|Aizu Nuri Fumibako
with elegant design of Gold Lacquer Works (Makie technique)
Kanji says ..............
Artist rendition of Japanese birds in pond. Beautiful Hira-makie gold lacquer work.
ware is also called shikki (lacquer ware) or nurimono (coated
things). Japanese lacquer is a highly toxic nonresinous sap from the Rhus verniciflua
tree (the same genus of poison ivy and poison oak) which hardens rather than dries.
The poisonous aspect of the medium generally limits its use to special artisans.
Lacquer construction has three stages : kiji, or forming the base, body,
or core of wood or sometimes basketry, leather and paper ; application of lacquer
coatings to seal and protect the object; and decoration of the surface. Application
of urushi differs regionally, but there are three basic types of lacquer coats:
undercoats shitaji, middle coats naka-nuri, and final coats
uwa-nuri. Some styles omit the nakanuri, while the final coat
always uses the most highly refined lacquer because this is the surface which
is decorated. In gold decoration *makie, the final coat is a high-gloss, transparent lacquer rouiro. After 1599 systems
for cultivating lacquer trees and improving lacquering techniques were developed.
In the 18c, colored lacquers and makie became widespread.
There are several basic lacquer techniques, but decorative techniques are numerous. Iro-urushi is a multi-colored lacquer in which ganryou (pigments) are mixed into suki-urushi (clear lacquer). Traditionally only five natural pigments (red, black, yellow, green and brown) were used, but since the Meiji period white and neutral tints were made. Shunkei-nuri is a technique of applying transparent urushi over wood grain so the natural wood pattern shows through. It was reportedly invented by a 14c lacquermaster named Shunkei. A variety of lacquer types evolved in regional production centers. Negoro-nuri was made at Negoroji in Wakayama prefecture. The red surface wears to reveal the underlying black; this effect was later deliberately imitated. Tsugaru-nuri is made in Tsugaru, Aomori prefecture. Muliple layers of colored lacquer (usually green, red, yellow and brown) produce a spotted-marbled effect. The technique reportedly was used first in 1685 by Ikeda Gentarou, the son of lacquer master Ikeda Genbee. Aizu-nuri has been made in the Aizu area of Fukushima prefecture from the late 16c, with peak output in 1878. The Aizu region also developed chinkin, incising a design into the lacquer surface, then applying a thin layer of lacquer and applying gold dust or gold foil to the tacky lacquer. Jouhana-nuri, also called jouhana makie (jigoemon-nuri), was developed in Jouhana in Toyama prefecture by Hata Jigoemon and Hata Tokuzaemon in the early 17c. It uses techniques of mitsuda-e and keifun-makie and has a white color.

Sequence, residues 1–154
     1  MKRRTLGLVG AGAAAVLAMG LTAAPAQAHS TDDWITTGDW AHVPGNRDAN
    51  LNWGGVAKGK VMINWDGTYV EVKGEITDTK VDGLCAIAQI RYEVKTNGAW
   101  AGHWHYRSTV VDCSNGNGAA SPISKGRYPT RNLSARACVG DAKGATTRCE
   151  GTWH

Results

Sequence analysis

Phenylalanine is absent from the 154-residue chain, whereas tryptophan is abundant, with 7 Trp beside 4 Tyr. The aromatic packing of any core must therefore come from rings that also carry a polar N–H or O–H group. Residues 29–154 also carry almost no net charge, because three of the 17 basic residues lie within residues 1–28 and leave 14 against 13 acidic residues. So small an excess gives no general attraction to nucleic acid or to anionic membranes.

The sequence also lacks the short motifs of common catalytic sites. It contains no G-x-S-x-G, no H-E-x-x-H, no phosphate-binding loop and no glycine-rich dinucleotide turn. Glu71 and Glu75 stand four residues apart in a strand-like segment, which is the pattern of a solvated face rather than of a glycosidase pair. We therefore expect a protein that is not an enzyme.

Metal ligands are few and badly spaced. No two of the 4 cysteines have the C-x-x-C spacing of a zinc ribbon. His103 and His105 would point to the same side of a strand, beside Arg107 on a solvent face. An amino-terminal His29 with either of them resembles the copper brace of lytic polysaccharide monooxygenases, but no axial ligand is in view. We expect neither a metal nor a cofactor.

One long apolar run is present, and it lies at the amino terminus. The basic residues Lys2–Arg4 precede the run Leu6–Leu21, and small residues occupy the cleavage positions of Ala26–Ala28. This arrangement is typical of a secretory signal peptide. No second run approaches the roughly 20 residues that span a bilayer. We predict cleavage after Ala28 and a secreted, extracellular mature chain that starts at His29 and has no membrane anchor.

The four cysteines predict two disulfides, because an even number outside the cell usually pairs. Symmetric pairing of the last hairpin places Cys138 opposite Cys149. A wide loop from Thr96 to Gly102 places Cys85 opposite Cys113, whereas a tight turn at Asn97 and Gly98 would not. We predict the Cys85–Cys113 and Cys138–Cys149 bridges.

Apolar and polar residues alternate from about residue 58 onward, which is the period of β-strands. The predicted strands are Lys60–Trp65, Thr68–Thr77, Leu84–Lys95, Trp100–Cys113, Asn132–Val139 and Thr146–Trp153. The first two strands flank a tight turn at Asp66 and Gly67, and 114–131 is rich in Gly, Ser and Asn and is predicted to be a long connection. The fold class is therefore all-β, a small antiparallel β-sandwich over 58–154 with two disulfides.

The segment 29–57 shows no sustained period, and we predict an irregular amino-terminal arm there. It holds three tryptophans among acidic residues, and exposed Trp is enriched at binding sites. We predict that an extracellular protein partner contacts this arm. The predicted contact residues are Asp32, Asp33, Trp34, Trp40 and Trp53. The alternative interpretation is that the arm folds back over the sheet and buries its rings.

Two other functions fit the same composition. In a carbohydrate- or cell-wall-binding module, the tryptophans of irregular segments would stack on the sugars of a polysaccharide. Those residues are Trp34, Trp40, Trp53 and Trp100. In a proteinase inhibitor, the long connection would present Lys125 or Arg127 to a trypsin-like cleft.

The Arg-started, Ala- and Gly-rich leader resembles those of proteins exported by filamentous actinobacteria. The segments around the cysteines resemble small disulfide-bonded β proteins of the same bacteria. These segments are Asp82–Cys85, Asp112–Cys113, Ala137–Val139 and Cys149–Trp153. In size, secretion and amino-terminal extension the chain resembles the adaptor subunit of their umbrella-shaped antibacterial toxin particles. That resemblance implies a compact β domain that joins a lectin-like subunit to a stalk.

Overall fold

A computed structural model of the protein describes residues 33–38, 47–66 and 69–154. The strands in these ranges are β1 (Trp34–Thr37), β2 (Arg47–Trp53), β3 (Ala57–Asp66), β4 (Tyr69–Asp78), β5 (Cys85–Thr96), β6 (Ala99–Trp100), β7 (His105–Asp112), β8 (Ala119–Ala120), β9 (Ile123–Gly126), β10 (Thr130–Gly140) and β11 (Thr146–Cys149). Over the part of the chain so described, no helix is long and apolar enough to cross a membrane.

Inside corner of Fumibako
Outside corner of Fumibako
|Beautiful antique Japanese Aizu Nuri (lacquer) Fumibako (stationery box). Wooden body made with glossy roiro (black) lacquer finish. The design on the top has two birds (Japanese White Eye or Mukudori (Gray Starling)) done with exquisite Hira-makie gold lacquer work.|
The custom storage box is made of quality kiri paulownia.
It is an authentic antique item maintained under good conditions. As it is a vintage item, this type of design is rarely seen. A very collectable item.
History of Aizu Lacquer :
This school of lacquer ware was established in Aizu area (Fukushima prefecture) during the time of Toyotomi Hideyoshi (ca 1590's). The Daimyo Gamou Hideyuki was incouraged by Hideyoshi to develope local industry. Lacquer artist's were invited from Hino (Shiga area). Hoshina Makiyuki developed Aizu lacquer during the Edo period and exported many pieces.
Estimated Age: Late Edo to Early Meiji (ca.1890).
|Learn about Lacquer-ware Here|
|Learn How To Tie the Rope On a Wooden Box HERE|
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